Statement-of-work consulting, the future of the gig economy and more were among the hot topics at last weeks’ contingent workforce conferences. The discussions were far-ranging at the Contingent Workforce Strategies Summit North America, for staffing buyers, and the Collaboration in the Gig Economy conference, for the full workforce ecosystem.

Here’s a small sample of what we heard:

  • Statement of work is still a big deal. SOW is similar to traditional contingent labor, but at a fixed price. More and more staffing buyers are trying SOW, with a net 39% planning to use more SOW workers over the next 10 years, according to SIA research cited at the Summit. However, SOW use has its own set of challenges.
    • “The executive sponsorship is critical,” said Nijoe Muckom, VP, vendor management, at Bank of America, during a panel titled “The Hidden Simplicity of SOW.” For one, executive sponsorship is important for getting managers on board with the program or even just avoiding “malicious compliance.”
    • Jason Ezratty, president of Brightfield Strategies, said when approaching executives, familiarize yourself with the person and the state of the organization to know how they think when getting them onboard with a contingent workforce program. “If you’re selling to an executive, know how to sell to an executive,” Ezratty said.
  • The gig economy also continues to grow, and some questioned whether it may be at an inflection point.
  • But doing work done remotely over an online staffing firm can require a different way of thinking.
    • “Doing work in the gig economy requires a shift in understanding and strategy,” said Stephanie Leffler, CEO of OneSpace, a crowdsourcing provider. Leffler said her firm has never been hired by a human resources department, although it seems it’s used by operational managers trying to keep away from HR and procurement as much as possible.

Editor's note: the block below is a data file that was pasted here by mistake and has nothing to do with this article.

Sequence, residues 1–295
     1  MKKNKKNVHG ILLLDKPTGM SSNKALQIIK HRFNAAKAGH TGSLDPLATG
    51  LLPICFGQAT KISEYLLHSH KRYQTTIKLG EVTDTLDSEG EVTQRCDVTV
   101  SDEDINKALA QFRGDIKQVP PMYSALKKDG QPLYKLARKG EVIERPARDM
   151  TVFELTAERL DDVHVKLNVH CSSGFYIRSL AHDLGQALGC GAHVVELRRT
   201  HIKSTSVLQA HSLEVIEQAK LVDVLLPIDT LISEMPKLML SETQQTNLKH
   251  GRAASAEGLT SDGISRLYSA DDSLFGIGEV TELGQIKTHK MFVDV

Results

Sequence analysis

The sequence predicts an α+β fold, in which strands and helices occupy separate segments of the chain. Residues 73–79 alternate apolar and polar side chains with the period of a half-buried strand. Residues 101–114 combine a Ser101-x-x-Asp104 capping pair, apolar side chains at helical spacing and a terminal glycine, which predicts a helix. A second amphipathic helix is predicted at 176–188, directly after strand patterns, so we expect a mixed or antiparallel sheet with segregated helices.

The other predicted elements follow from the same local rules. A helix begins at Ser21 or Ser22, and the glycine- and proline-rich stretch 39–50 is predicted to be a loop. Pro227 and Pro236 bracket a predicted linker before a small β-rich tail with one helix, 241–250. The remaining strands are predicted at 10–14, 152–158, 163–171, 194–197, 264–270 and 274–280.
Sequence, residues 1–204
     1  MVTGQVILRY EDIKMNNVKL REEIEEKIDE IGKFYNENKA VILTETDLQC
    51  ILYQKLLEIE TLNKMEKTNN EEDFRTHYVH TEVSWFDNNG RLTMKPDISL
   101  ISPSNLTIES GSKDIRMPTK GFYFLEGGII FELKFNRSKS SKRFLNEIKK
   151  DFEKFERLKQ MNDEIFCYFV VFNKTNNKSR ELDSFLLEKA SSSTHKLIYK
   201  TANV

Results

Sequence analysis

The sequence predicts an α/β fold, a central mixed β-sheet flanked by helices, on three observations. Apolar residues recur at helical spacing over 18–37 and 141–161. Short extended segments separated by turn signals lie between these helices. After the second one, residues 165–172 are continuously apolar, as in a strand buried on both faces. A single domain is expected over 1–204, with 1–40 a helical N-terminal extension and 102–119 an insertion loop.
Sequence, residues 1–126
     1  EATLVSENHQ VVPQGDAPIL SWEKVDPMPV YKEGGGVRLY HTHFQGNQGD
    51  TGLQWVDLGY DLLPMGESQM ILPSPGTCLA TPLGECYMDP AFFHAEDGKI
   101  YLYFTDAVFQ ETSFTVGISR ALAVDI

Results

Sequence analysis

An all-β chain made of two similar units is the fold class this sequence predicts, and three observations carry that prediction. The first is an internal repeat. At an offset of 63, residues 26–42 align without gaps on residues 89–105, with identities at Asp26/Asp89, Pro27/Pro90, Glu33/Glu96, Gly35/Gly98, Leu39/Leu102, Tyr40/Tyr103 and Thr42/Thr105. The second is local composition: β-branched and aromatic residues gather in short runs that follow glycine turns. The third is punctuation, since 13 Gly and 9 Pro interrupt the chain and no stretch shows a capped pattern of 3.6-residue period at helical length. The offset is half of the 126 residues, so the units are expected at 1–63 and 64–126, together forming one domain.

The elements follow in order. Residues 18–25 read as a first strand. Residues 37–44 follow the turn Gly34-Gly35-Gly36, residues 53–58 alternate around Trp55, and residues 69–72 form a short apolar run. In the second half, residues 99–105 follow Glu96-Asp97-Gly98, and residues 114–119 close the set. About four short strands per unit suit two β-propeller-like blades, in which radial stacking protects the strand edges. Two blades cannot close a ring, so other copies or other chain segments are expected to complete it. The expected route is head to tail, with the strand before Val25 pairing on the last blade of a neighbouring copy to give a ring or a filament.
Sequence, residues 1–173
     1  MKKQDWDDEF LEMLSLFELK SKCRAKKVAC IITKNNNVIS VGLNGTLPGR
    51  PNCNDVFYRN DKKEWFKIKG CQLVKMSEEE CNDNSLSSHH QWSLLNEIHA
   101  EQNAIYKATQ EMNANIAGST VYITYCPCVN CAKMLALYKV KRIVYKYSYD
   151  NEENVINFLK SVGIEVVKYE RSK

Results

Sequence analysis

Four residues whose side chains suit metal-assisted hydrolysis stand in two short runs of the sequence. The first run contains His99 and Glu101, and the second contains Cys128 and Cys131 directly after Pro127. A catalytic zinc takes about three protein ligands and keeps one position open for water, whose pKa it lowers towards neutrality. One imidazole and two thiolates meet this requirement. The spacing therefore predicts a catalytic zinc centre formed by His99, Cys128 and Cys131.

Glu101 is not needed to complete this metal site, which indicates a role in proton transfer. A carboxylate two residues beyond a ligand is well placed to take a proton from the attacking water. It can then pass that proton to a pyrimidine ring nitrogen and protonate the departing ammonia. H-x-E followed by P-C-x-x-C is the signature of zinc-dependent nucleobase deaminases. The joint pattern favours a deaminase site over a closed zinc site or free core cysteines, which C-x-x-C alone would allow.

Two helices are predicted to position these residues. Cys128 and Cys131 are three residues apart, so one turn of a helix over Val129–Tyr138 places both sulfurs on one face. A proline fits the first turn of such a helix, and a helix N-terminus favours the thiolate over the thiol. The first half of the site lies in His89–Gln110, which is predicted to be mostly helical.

• But it’s also argued that HR can take part actively in the process of using online platforms. “I think there’s nobody better in the company to do it,” said Zoe Harte, VP of HR and talent innovation at online staffing provider Upwork.
  • Only one half of 1% of Americans cite using an app-based platform as their primary job-search tool, but usage is growing, said Stanford University Business Professor Paul Oyer in a keynote session. Traditional staffing firms will have to upgrade their service to compete with human cloud firms.

For more, see last week’s coverage of the events.

Staffing Industry Analysts next events tailored for contingent workforce professionals are the CWS Summit Europe and the Collaboration in the Gig Economy Europe, which are scheduled for April 2018 in London.